Just days after we reported a bust on Google for its biased fact-checking feature which overwhelmingly red-flags conservative websites, Twitter has come into the crosshairs.
Project Veritas has made good on its promise of more candid camera revelations this week, this time with a hit on Twitter.
It’s been alleged for quite awhile that Google’s anti-conservative bias is rivaled by the bias at Twitter. And now we have proof in the pudding.
According to the admission of several employees, as much as 99% of Twitter ‘hates Trump.’
And several of those employees described a sort of censorship of pro-Trumpers called ‘shadow banning’ in which tweets by conservatives simply don’t show up in other users’ feeds.
We’re shocked, absolutely shocked.
Here’s more from Project Veritas…
In the latest undercover Project Veritas video investigation, current and former Twitter employees are on camera explaining steps the social media giant is taking to censor political content that they don’t like.
This video release follows the first undercover Twitter exposé Project Veritas released on January 10th which showed Twitter Senior Network Security Engineer Clay Haynes saying that Twitter is “more than happy to help the Department of Justice with their little [President Donald Trump] investigation.” Twitter responded to the video with a statementshortly after that release, stating “the individual depicted in this video was speaking in a personal capacity and does not represent of speak for Twitter.” The video released by Project Veritas today features eight employees, and a Project Veritas spokesman said there are more videos featuring additional employees coming.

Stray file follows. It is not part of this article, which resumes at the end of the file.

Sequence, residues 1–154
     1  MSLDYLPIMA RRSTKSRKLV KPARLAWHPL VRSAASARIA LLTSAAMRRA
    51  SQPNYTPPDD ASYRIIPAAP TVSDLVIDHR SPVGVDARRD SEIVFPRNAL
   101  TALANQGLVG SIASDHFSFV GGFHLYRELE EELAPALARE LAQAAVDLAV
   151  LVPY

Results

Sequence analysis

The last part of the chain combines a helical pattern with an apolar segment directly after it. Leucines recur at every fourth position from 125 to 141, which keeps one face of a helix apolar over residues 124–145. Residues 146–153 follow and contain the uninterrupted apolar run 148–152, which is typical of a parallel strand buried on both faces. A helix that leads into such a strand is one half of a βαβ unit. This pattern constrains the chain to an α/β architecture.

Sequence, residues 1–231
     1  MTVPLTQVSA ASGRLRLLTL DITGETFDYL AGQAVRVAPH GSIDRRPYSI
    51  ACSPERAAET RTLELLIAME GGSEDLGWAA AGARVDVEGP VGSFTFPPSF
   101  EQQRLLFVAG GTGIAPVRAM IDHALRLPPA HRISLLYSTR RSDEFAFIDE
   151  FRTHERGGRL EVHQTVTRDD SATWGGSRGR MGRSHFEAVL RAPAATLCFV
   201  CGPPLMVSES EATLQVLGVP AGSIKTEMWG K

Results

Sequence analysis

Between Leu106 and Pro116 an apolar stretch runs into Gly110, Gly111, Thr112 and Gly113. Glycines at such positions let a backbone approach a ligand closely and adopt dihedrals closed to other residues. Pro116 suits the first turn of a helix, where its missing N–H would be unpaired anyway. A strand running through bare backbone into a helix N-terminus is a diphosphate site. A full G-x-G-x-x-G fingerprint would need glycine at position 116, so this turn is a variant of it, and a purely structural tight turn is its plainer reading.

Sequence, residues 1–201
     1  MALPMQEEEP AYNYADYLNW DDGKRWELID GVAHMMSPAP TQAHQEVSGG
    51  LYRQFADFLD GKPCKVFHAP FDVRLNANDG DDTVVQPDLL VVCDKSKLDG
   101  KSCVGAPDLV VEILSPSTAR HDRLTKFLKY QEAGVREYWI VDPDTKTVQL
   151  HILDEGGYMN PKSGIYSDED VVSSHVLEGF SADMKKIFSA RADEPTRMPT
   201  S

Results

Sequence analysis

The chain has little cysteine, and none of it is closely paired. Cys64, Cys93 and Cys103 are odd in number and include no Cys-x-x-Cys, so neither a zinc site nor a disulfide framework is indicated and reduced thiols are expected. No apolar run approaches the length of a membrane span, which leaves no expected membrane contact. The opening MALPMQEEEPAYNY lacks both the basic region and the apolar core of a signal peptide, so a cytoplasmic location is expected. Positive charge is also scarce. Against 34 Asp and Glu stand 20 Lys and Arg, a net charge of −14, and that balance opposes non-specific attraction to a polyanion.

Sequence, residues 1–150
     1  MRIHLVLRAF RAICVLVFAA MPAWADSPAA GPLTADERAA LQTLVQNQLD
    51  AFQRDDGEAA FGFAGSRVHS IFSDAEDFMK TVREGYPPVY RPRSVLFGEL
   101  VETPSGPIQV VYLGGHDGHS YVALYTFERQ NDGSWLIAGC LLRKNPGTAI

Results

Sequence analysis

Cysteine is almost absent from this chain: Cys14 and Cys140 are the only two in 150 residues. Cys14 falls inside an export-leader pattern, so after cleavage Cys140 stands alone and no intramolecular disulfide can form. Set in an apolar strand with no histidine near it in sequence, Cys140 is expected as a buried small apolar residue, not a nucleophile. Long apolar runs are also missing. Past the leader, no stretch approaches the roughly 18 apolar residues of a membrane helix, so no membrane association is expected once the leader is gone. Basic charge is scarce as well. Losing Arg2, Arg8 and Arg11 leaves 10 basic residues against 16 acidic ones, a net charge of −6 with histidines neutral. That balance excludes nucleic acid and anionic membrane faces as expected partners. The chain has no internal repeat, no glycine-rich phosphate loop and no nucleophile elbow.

On January 3rd 2018 at a San Francisco restaurant, Abhinov Vadrevu, a former Twitter Software Engineer explains a strategy, called “shadow banning,” that to his knowledge, Twitter has employed:
“One strategy is to shadow ban so you have ultimate control. The idea of a shadow ban is that you ban someone but they don’t know they’ve been banned, because they keep posting and no one sees their content. So they just think that no one is engaging with their content, when in reality, no one is seeing it.”